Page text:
Additional indications of the success of the approach can be found in the comments students provided with their evaluations. Some comments from the junior students about the freshman show indications of the development of mentoring relationships.
“Always willing to go the "extra mile". The only thing he couldn’t do was the calculations, and that probably wouldn't have taken long to teach him. An integral part of completing this project. Already asked my boss if we needed a summer intern.”
“Matt contributed as much as I expected any of the freshman to going into the project. He did a good job of communicating about meeting times. In addition, Matt completed all of the tasks that were asked of him in a prompt fashion.”
“Zach did well overall with this project. For the most part he did what was asked of him. However towards the end he did not communicate well with the 345 students on whether or not he would be attending meetings. Zach had a lot of good ideas and was able to express them well.”
Similarly some of the comments made by the freshman illustrated the presence of a mentoring relationship.
“Tom definitely knew what he wanted done from the start and communicated his ideas well. Tom was easy to work with and taught me a couple of things during the project. It was fun working with Tom.”
“Ryan helped out all the time and was always there on time to help. Also he always brought lots of ideas and helped us out tremendously.”
“Joel expected a lot from us, really wanted things to be perfect but in the end it helped us out to make a functional product.”
The combined project was also intended to improve the managerial and leadership skills of the juniors. Again the comments were very instructive. Several of the freshman commented on the leadership abilities of the juniors.
“Dale took the real leadership role. He also did a lot of prep work.”
“Paul was a very good asset to our team. He kept us up on all their progress via e-mail and was always helpful to our group. I think that Paul was extremely helpful to our team, a definite leader.”
“He wouldn't accept some of my ideas until I proved they worked, and worked well. He did take on the role of someone in charge. Witch was good, it made sure things were done.”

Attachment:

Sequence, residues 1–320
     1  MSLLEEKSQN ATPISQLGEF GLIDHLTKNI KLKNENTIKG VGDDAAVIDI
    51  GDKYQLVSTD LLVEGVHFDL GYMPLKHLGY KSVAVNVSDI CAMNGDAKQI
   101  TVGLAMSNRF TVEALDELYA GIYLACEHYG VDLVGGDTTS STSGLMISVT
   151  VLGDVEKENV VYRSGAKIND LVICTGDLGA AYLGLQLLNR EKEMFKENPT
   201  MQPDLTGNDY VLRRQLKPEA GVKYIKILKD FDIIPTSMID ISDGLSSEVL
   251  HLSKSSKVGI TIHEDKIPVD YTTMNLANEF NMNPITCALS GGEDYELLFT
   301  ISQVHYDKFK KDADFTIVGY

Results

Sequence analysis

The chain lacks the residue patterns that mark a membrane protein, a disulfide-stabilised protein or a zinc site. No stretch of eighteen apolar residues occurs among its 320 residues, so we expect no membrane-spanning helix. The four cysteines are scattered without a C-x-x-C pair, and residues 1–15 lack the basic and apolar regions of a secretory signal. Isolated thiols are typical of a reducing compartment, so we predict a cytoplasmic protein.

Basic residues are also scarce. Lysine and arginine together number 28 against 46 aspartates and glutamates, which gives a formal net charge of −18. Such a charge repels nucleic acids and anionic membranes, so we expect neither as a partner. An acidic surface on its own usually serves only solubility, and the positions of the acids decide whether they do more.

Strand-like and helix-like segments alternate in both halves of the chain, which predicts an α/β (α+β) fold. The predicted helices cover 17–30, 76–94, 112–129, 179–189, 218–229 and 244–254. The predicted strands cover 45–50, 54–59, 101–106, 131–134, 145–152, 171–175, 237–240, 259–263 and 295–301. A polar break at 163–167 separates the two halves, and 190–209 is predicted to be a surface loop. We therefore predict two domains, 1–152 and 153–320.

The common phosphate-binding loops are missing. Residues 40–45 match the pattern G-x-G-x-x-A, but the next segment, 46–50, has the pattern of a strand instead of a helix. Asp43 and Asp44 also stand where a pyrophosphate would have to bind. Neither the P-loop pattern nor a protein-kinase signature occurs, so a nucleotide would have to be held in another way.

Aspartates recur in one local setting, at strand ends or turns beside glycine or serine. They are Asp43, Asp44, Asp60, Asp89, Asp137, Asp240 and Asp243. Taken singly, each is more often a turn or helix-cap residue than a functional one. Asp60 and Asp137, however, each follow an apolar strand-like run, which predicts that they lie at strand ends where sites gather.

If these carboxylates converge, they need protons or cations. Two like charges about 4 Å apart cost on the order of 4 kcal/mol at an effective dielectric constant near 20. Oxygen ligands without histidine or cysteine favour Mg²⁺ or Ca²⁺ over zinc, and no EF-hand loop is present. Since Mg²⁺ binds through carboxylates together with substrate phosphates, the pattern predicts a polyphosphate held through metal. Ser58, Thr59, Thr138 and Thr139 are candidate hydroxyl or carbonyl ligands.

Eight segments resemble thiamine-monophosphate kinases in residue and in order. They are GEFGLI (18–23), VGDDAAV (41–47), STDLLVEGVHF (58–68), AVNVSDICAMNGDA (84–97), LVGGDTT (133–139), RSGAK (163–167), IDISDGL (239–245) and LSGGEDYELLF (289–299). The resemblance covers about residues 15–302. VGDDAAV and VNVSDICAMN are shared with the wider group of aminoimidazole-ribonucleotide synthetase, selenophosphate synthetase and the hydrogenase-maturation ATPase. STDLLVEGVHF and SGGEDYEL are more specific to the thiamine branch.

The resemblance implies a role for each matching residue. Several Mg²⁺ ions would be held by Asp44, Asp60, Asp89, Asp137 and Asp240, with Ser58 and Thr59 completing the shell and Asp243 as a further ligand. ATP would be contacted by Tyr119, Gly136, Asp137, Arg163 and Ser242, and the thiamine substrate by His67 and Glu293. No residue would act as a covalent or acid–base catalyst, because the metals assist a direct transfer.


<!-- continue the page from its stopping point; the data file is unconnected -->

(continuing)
Of course some of the comments showed a lack of managerial and leadership skills.
“I barely saw him at most meetings and he didn't seem to give much input. The entire 345 half of the project wasn't started until the weekend before due date. It was like we were two separate teams.”
The last goal of the new approach was to improve the maturity of the EGR 101 projects. The results exposed some opportunities for improving the sophistication of the systems that the EGR 101 and the EGR 345 students produced. A successful solution to the design problem did not have to be a “designed artifact.” Many teams used easy to manipulate materials like balsa wood and paper to quickly fabricate workable solutions. Although this was an effective strategy, it reduced the need to use Computer Aided Design and Manufacturing software to design and fabricate precise parts. Assembly analysis and tolerance design were also not required. The authors believe that this problem can be overcome by selecting a different design problem. In the future a less constrained problem that requires more precise actions or results will result in more mature designs.
4. Summary and Conclusions
This paper discussed some anecdotes and student opinions arising from a joint project between freshmen and junior students. Overall the interactions were beneficial for both groups of students. The resulting project work will be improved in future years by refining the design problem and process based upon the initial offering. Some of the changes to be made are:
Require a single report from the combined team of students.
Stricter division of responsibility to both freshmen and juniors.
Refine the project to include an initial demonstration day before the final contest.
Redefine the project to require engineering level designs and production.
Provide more opportunity for informal student interactions.
John Farris is currently an assistant Professor in the Padnos School of Engineering at Grand Valley State University (GVSU). He earned his Bachelors and Masters degrees at Lehigh University and his Doctorate at the University of Rhode Island. His teaching interests lie in the first year design, design for manufacture and assembly and interdisciplinary design.
Hugh Jack, Associate Professor of Engineering at Grand Valley State University graduated from the University of Western Ontario with a bachelors in Electrical engineering and a masters and Ph.D. in mechanical engineering. He is currently the graduate and manufacturing chair and actively researching open source software for manufacturing controls.